The disease is caused by the fungus Exserohilum turcicum (Setosphaeria turcica). The fungus lives in infected, dead or live leaves. It asexually produces spores (conidia) when the diseased tissue is moist and temperatures are proper for corn growth. The conidia have 4-6 cells arranged in a row and are light enough to be distributed by air currents within a corn field. After landing on a corn leaf, with a little moisture, in 3-6 hours the cells on both end of the conidia, begin dividing, emerging as germination tubes. These new hyphae quickly form a base on the surface called an appresorium, from which the fungus grows into the leaf epidermis. Within 12-18 hours after the conidia have landed on the leaf, it has successfully penetrated the leaf. There appears to be no difference in time to leaf penetration between the susceptible and resistant corn hybrids.
Chloroplasts near the infection point soon lose pigments as nearly 100 cells die, perhaps because of enzymatic activity of the fungus. This can be observed when small (0.5-1cm) circular, yellow spots show in the leaves in 24-48 hours after infection. From this initial location, the hyphae grow between cells towards the vascular bundles. Penetration of the vascular bundles is followed by plugging the xylem causing further death of surrounding cells dependent upon the water supplied through these tubes.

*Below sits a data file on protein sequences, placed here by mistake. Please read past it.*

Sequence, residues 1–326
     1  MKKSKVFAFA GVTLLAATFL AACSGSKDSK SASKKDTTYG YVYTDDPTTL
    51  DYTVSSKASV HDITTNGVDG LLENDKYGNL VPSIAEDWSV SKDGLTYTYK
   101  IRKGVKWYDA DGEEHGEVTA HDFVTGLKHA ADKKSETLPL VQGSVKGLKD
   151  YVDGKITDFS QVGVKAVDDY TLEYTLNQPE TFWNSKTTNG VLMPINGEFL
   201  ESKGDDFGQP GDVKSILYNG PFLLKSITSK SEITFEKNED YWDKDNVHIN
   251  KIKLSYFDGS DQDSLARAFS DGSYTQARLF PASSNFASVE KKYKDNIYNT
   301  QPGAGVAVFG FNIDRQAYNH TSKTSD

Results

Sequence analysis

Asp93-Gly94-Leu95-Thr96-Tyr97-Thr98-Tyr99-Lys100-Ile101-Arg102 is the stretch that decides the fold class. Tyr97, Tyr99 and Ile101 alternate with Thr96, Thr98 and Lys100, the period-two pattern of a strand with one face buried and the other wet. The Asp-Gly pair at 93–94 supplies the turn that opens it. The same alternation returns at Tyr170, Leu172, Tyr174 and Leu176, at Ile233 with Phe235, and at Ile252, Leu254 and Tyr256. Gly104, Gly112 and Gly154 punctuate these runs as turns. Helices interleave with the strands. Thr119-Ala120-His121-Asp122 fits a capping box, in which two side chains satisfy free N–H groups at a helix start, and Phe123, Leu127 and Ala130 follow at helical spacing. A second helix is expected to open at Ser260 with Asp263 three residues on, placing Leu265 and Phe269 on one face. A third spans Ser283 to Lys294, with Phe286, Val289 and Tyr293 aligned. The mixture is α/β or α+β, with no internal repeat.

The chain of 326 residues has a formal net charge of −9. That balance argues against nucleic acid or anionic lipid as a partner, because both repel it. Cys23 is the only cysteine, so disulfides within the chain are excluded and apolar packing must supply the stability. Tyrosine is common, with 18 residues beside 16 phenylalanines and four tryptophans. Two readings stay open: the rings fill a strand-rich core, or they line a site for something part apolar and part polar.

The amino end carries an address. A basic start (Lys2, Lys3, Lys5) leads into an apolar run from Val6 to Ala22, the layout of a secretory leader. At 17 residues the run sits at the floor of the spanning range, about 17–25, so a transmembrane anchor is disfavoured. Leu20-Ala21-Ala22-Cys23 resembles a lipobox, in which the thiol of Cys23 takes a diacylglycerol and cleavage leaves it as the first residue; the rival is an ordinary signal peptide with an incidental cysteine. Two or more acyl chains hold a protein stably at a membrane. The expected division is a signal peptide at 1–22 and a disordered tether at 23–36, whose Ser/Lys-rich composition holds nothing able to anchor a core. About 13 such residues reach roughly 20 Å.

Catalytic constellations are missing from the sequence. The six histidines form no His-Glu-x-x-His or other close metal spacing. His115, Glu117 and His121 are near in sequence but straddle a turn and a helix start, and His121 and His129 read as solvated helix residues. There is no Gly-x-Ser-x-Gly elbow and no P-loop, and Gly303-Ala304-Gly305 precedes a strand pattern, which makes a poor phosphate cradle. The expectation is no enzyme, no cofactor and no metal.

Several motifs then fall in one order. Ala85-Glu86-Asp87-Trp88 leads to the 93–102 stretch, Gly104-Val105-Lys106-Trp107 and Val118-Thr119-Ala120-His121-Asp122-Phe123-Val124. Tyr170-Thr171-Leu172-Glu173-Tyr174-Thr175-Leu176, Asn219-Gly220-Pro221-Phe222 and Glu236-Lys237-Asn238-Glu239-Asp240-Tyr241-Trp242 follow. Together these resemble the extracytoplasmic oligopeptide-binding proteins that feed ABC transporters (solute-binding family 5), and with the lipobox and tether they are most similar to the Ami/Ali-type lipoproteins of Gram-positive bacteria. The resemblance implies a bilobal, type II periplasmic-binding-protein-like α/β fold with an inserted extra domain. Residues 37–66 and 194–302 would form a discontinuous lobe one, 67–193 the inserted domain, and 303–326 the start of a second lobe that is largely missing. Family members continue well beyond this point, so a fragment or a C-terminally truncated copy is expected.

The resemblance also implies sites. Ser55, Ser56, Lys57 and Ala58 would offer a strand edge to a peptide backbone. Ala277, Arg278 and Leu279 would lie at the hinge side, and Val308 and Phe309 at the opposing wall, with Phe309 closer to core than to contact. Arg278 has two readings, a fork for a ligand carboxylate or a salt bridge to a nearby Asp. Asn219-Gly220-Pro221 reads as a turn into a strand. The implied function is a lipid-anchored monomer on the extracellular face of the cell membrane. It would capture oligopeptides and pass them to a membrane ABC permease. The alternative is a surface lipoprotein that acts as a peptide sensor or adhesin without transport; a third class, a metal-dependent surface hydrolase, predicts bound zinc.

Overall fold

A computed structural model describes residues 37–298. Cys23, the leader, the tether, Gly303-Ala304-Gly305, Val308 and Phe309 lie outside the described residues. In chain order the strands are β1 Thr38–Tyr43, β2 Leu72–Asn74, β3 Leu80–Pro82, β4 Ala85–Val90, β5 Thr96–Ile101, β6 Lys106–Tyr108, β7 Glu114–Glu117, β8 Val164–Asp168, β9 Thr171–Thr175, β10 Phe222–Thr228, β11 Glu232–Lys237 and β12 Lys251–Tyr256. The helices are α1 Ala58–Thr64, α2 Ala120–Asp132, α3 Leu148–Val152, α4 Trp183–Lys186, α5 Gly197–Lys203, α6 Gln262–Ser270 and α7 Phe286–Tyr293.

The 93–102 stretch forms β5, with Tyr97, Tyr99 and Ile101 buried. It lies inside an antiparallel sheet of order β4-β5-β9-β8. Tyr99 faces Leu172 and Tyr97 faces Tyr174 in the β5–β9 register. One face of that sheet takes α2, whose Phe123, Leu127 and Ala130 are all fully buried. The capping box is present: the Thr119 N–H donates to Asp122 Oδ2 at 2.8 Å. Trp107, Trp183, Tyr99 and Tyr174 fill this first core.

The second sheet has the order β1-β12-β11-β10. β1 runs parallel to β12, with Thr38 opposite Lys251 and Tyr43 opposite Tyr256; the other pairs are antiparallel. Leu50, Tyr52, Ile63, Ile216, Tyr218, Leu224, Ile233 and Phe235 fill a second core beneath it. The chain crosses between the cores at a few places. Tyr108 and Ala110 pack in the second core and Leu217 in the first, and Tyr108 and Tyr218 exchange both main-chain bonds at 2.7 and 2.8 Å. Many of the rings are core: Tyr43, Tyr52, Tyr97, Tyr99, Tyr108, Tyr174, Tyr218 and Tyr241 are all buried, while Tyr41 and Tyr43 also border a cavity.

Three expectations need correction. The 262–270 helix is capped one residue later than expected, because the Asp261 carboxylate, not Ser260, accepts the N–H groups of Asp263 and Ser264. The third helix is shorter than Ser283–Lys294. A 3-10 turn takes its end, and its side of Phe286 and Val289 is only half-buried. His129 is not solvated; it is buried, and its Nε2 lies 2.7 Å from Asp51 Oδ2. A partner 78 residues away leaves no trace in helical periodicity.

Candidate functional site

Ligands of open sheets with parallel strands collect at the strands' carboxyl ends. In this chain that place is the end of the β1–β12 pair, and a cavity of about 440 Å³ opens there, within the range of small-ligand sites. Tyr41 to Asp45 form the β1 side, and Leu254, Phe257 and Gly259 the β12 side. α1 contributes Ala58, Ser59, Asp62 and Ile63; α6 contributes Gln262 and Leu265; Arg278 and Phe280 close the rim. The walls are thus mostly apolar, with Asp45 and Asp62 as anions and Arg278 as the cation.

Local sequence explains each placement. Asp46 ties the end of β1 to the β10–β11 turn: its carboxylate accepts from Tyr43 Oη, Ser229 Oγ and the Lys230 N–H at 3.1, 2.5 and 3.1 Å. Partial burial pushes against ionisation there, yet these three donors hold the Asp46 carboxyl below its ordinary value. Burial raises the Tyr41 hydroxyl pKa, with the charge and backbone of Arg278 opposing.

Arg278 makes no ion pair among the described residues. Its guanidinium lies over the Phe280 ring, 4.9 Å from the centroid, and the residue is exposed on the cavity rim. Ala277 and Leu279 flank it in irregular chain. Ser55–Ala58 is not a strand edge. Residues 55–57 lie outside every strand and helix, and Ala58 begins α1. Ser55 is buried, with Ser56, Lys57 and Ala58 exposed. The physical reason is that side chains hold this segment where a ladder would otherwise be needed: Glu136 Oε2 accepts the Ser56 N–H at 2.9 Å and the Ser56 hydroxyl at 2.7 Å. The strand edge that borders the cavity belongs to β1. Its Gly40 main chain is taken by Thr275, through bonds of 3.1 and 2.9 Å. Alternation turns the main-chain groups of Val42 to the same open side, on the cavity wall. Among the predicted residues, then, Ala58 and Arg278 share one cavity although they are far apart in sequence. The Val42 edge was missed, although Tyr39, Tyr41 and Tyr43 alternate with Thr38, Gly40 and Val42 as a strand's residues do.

Resistance systems appear to begin after initial infection and perhaps mostly once the fungus has reached the vascular system. There does seem to be differences in that initial yellow spot in a couple days after infection and I wonder if the brighter color is not associated with greater quantitative resistance. Could part of quantitative resistance be self-destruction of cells near the infection point, depriving the fungus of nutrition? It does seem that initial spot is less obvious and possibly smaller in the more susceptible corn genotypes.
The wilted areas surrounding the plugged xylems eventually are depleted of living host cells. The fungus responds by producing new conidia within 14 days of the initial infection, ready to spread to more live leaves. Exserohilum turcicum remains viable in dry leaves for a number of years in dry environment, ready to produce conidia within 24 hours after moistened. Tillage, crop rotation and hybrid resistance become major factors in crop damage from this disease.
Much is written about this disease. An interesting summary of the morphology aspects in included in this report: Journal of Applied Biosciences (2008), Vol. 10(2): 532 - 537.
ISSN 1997 – 5902: www.biosciences.elewa.org
Corn pathogen diversity